Mike McDerment: Be Your Best Competitor

Mike McDerment: Be Your Best Competitor

2018-12-05T14:33:32+00:00December 4th, 2018|Podcast|

Thinking about the competition often keeps business owners up at night. Will someone else find a way to copy your product? Will they lure customers away? Will they make your clientele happier?

It’s the stuff of nightmares.

Mike McDerment, the co-founder and CEO of FreshBooks, decided that he didn’t want to waste time being afraid of his competition. Why wait for someone to figure out how to do your business better? So he decided to do something about it now—and created a strong competitor.

“Hey, we’re having great success. Our customers are very happy. They’re the biggest driver of the growth of our business. But if I look into the future, you know, five or 10 years, I’m concerned that the technology we’re built on is not going to set us up to win in that future time period and future state. And so the question becomes do you do something about that now, or do you just keep trying to figure it out as you go? And what we decided was let’s do something about that now.”

Mike created a second business within his business to pilot new ways of meeting his customer’s needs and keep up with emerging technology. He knew that he needed to examine his core product and make some fundamental changes, however, as a flagship company for cloud-based accounting, Mike also wanted to make sure that his team could take risks without feeling like they would be endangering the information of their hefty client list (over 20 million people have used FreshBooks in the past ten years). He created a new company, with its own website, branding, and legal name, and he and his team used that as their “petri dish” to take risks and set FreshBooks up for future success.

It wasn’t just a pet project, though—everyone on the team knew that the stakes were real, and the project could be scrapped if it didn’t meet benchmarks. But the excitement was infectious, and Mike soon found himself with a new, thriving start-up that he couldn’t help but be excited to report was stealing away his customers.

It was an unconventional move, but effective. Using everything they learned in their mini-startup, FreshBooks was able to make a smooth transition to their new platform and learned valuable information about their customers in the process.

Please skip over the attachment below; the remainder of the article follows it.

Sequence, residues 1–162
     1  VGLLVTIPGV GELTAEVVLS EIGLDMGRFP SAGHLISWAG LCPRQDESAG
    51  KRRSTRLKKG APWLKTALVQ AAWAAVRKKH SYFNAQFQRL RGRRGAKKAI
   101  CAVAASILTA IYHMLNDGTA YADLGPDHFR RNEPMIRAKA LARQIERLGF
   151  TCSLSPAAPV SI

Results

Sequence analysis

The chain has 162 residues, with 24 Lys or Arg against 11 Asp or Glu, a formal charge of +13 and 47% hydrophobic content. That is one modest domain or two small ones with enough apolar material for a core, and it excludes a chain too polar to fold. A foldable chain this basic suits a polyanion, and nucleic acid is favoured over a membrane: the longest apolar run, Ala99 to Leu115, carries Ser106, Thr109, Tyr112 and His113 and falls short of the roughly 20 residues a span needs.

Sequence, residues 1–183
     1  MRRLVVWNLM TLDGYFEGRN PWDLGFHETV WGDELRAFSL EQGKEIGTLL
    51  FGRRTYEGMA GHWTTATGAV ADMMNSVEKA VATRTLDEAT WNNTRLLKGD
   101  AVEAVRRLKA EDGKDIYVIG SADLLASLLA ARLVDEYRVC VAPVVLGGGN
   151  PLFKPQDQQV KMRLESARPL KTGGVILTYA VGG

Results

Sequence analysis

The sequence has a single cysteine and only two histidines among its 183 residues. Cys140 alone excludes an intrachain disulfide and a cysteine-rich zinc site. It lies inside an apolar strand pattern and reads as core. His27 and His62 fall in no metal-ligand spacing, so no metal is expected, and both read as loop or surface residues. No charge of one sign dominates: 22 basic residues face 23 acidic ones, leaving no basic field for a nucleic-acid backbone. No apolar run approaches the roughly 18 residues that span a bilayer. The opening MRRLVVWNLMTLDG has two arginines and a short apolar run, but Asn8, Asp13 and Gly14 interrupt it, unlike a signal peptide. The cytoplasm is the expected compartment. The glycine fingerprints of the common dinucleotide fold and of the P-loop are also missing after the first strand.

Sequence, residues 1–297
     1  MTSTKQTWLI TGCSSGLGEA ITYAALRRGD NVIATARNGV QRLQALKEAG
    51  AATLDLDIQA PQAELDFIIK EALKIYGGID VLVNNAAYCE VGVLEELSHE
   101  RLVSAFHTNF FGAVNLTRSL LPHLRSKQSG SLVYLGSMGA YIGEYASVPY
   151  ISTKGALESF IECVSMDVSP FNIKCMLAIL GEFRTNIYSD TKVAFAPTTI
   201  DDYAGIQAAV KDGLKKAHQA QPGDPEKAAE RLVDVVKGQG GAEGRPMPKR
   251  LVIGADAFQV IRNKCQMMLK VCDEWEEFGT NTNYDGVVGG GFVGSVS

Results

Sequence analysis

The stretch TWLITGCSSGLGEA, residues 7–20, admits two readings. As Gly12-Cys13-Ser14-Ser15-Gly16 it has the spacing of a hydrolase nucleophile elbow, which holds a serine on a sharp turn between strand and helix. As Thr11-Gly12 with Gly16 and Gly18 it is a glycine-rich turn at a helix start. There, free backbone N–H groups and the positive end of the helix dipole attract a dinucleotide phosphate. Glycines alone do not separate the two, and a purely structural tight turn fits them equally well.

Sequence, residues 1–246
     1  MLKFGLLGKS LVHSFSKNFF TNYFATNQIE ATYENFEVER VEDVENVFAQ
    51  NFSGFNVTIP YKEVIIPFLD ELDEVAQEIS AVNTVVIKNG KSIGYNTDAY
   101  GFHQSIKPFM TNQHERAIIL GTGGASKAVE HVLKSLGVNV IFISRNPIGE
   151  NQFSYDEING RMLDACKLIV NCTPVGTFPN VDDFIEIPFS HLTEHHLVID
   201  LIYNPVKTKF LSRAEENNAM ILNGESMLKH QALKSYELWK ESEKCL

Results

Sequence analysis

Join me as we discuss customer proximity, being a partner with your clients, and how Mark went from being a marketing consultant to creating a valuable cloud-based accounting software (despite not being a programmer).

The power of disruption. Isn’t it beautiful?

Listen in the player below, or download the episode on iTunes. If you like what you hear, leave me a comment! And since the year is wrapping up, why don’t you let me know which episode this year was your favorite? I’d love to hear your thoughts.

Takeaways from this episode:

  • Careers are often not as linear as we think they will be. Mike went from college to creating an Ultimate Frisbee League, as well as an event business, which led to his creating websites (which other people then wanted to buy), which led to his becoming a consultant, which ultimately helped him create a product that small businesses love.
  • Sometimes mistakes can lead us to greater solutions. If Mike had never made the mistake of saving over an important invoice, FreshBooks (and all its success) would not exist today!
  • Sometimes you need to examine your core business and not just look at what will make you successful today, but what will make you successful in ten years. Be willing to make changes if you don’t like what you see.
  • Having constraints, such as internal deadlines and benchmarks with real consequences, can help spur us on to greater creativity. Mike’s team knew that their business-within-a-business could be axed for not meeting benchmarks early on, but they were excited about the potential and willing to take risks.
  • Innovation usually requires risk. It is a leader’s job to create an environment where employees know they can take risks and be supported.

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